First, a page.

An Impact Crater in Isidis Planitia
An Impact Crater in Isidis Planitia
ESP_036934_1915  Science Theme: Future Exploration/Landing Sites
This recent observation is the fifth time we’ve imaged this spot on Mars. We often re-image spots on the surface to search for, or track changes, due to active processes, such as migrating sand dunes.

In this case, there isn’t any known activity, although careful comparison of the images could show changes. Instead, we acquired these pictures at a range of viewing and illumination angles as an experiment to try to extract new information at the limits of image resolution. This is possible in two ways: by seeing the 3D shapes from different illumination and viewing angles, and, after orthorectification of the images, by combining them into a “super-resolution” image. (Orthorectification shows how the sloping surface appears from directly overhead).

This location is also the site of an early candidate for location of the Beagle 2 lander based on an image from the Mars Global Surveyor. HiRISE has acquired 24 other images covering most of the expected Beagle-2 landing ellipse, but no clear evidence for Beagle 2 has been reported.

Written by: Alfred McEwen  (2 July 2014)
Acquisition date
13 June 2014

Local Mars time

Latitude (centered)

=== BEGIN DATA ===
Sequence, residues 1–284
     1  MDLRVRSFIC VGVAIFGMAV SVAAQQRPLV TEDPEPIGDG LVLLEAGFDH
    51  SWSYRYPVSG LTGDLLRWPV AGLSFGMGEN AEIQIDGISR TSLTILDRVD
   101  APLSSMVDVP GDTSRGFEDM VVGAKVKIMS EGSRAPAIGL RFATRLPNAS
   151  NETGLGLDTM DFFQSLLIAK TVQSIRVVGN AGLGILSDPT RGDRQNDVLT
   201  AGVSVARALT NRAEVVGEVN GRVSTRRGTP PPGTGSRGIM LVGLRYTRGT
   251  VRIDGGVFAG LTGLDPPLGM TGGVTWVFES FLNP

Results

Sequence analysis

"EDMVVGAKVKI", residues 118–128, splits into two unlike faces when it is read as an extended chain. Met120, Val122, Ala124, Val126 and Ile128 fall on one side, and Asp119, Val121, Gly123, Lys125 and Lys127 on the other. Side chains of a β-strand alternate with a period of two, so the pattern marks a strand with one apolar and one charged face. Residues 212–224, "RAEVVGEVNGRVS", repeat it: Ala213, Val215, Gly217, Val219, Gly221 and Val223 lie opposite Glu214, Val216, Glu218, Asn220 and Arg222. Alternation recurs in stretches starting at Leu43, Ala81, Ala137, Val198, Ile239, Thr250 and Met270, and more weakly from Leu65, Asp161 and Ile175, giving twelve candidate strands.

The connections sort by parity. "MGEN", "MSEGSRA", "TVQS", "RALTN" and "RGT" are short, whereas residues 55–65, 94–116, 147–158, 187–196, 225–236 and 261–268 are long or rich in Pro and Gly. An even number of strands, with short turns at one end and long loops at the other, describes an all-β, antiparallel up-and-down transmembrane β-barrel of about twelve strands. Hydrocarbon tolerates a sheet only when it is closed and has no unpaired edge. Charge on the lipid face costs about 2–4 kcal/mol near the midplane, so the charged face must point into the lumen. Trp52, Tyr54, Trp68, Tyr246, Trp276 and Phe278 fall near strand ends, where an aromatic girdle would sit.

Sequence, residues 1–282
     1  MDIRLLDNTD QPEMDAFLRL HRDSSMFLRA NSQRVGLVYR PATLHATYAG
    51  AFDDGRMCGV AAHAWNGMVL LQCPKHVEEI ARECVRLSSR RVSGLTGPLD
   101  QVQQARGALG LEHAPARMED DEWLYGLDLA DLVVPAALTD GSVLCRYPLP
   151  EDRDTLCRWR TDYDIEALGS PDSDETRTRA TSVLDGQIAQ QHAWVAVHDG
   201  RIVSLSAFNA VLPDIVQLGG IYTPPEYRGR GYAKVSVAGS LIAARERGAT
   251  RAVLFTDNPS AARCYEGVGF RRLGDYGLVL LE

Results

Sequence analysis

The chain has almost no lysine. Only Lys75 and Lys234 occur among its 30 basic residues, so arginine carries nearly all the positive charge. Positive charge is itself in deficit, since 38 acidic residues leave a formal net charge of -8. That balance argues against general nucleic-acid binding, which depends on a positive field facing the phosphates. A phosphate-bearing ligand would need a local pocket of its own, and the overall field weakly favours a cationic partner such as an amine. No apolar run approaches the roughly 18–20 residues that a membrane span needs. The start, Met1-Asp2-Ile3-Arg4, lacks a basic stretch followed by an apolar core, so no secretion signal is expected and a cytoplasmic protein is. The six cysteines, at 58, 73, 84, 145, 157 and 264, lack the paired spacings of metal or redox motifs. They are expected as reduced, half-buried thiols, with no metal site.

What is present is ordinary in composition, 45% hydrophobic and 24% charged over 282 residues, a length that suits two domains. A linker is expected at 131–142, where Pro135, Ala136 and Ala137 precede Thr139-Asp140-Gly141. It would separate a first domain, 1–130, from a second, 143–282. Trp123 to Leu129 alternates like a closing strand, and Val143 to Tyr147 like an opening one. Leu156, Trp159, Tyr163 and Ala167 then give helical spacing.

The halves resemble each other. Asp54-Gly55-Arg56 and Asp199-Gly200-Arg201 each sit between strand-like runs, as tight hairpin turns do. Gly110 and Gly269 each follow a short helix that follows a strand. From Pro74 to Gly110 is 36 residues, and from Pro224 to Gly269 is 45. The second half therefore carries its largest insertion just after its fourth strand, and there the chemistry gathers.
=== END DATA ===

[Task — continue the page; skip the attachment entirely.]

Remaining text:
Longitude (East)

Spacecraft altitude
277.6 km (172.5 miles)

Original image scale range
27.8 cm/pixel (with 1 x 1 binning) so objects ~83 cm across are resolved

Map projected scale
25 cm/pixel and North is up

Map projection

Emission angle

Phase angle

Solar incidence angle
52°, with the Sun about 38° above the horizon

Solar longitude
145.2°, Northern Summer

For non-map projected images
North azimuth:  97°
Sub-solar azimuth:  14.5°
Black and white
map projected  non-map

IRB color
map projected  non-map

Merged IRB
map projected

Merged RGB
map projected

RGB color
non-map projected

Black and white
map-projected   (517MB)

IRB color
map-projected   (285MB)

Black and white
map-projected  (215MB)
non-map           (289MB)

IRB color
map projected  (73MB)
non-map           (237MB)

Merged IRB
map projected  (124MB)

Merged RGB
map-projected  (118MB)

RGB color
non map           (225MB)
B&W label
Color label
Merged IRB label
Merged RGB label
EDR products

IRB: infrared-red-blue
RGB: red-green-blue
About color products (PDF)

Black & white is 5 km across; enhanced color about 1 km
For scale, use JPEG/JP2 black & white map-projected images

All of the images produced by HiRISE and accessible on this site are within the public domain: there are no restrictions on their usage by anyone in the public, including news or science organizations. We do ask for a credit line where possible:
NASA/JPL/University of Arizona

NASA’s Jet Propulsion Laboratory, a division of the California Institute of Technology in Pasadena, Calif., manages the Mars Reconnaissance Orbiter for NASA’s Science Mission Directorate, Washington. The HiRISE camera was built by Ball Aerospace and Technology Corporation and is operated by the University of Arizona.